In 1937, FDR frightened the Supreme Court with the specter of increasing the number of justices and they never bothered him again. He was trying to conserve the system, not destroy it, and he had the pleasure of naming the next eight justices to the high court. The American system is not only constitutional, it is also political.
Maybe the Supreme Court made the correct decision in not overturning the 2020 election by acting on the Texas case, supported by 18 other states, about the failure of three of the swing states to adhere to the constitutional requirement for fair elections. Doing otherwise would have brought enormous pressure upon the three Trump nominees to that court and led to court-packing if the Democrats had won.
Trump warned of ballot-harvesting and the other skulduggery and provided neither the election staff to film and rebut it nor the legal team ready to assail it. Whatever the Constitution says, the most intense aspect of elections is a bare-knuckles ground game and Trump failed that test. As he has often said, it must never happen again. Nor can anything like the Trump-Russia collusion fraud, which special counsel John Durham has been so contemptibly dilatory in investigating. It’s hard to be optimistic that it will end justly, but there is room for hope that the FBI, at least, will be more careful in the future, having had its leadership sacked and disgraced as its moral authority putrefied in the Comey-McCabe era.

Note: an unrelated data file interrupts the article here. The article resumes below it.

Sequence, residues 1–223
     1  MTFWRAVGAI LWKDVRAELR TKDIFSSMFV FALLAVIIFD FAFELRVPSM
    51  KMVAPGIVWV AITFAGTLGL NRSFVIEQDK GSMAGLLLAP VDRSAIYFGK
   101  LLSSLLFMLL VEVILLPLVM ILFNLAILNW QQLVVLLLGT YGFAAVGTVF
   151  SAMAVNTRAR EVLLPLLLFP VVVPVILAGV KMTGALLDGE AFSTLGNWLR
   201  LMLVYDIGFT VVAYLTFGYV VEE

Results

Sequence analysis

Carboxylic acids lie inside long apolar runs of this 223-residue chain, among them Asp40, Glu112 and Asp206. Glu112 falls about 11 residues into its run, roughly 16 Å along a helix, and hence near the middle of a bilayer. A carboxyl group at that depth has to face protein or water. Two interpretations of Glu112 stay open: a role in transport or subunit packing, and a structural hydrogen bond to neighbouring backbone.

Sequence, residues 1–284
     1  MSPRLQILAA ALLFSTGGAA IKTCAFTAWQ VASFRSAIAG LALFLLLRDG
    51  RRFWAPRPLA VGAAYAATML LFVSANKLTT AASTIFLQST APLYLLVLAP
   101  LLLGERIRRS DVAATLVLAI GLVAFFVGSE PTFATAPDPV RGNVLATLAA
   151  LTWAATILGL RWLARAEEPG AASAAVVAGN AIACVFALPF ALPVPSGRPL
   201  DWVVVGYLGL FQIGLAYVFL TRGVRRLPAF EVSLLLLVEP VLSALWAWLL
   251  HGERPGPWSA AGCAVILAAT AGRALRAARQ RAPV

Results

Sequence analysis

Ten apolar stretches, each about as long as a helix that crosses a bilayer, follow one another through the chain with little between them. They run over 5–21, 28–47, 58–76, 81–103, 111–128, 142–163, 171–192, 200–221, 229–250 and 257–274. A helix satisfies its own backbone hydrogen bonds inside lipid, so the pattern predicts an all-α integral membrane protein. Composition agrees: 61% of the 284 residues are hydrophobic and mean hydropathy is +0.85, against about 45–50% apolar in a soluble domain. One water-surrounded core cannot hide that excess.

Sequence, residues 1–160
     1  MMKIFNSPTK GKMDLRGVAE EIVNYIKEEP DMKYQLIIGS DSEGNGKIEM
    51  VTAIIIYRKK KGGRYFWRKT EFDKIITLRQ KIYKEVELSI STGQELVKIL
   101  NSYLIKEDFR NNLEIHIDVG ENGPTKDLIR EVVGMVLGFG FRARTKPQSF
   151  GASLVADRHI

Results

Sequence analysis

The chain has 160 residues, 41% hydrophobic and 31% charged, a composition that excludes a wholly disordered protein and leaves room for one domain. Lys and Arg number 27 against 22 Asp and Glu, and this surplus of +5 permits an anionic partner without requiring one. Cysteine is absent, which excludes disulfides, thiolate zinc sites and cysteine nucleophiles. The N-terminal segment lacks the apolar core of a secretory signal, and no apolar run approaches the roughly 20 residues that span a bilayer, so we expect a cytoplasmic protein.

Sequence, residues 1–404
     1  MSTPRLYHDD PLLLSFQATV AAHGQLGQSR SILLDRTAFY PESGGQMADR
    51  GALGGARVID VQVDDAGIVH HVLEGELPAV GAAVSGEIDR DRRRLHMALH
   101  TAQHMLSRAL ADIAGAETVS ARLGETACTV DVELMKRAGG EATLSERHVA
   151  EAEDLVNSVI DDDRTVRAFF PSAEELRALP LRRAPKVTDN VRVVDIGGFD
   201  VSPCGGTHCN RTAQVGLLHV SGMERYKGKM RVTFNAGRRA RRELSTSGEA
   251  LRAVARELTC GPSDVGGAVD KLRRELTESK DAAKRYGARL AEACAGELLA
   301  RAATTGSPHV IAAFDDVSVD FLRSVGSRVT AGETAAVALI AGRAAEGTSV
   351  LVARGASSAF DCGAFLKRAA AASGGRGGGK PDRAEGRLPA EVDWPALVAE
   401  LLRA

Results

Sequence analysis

The Next Test
Trump has gone, for the time being, but he remains the 900-pound gorilla in the American political saloon. America can enjoy settling down, but if the Democrats are going to be contenders in the deciding round, they are going to have to do much better than they have done in the last 50 days.
The next test will be the visits by Secretary of State Antony Blinken and Defense Secretary Lloyd Austin to Japan, South Korea, and India, and Blinken’s meeting with the Chinese foreign minister in Anchorage, Alaska. If they promote the national interest sensibly, it will be a welcome sign that this administration is growing into the great responsibilities it faces. If Blinken wastes the time of the Chinese minister agreeing to a whitewash of the coronavirus (whose release on the West appears to have been not far from an act of chemical warfare) and waffling about the climate, which the Chinese regard as nonsense (and which, strategically, it is), then the world will have to watch in consternation the continuing tilt toward China of the correlation of forces that President Trump had arrested.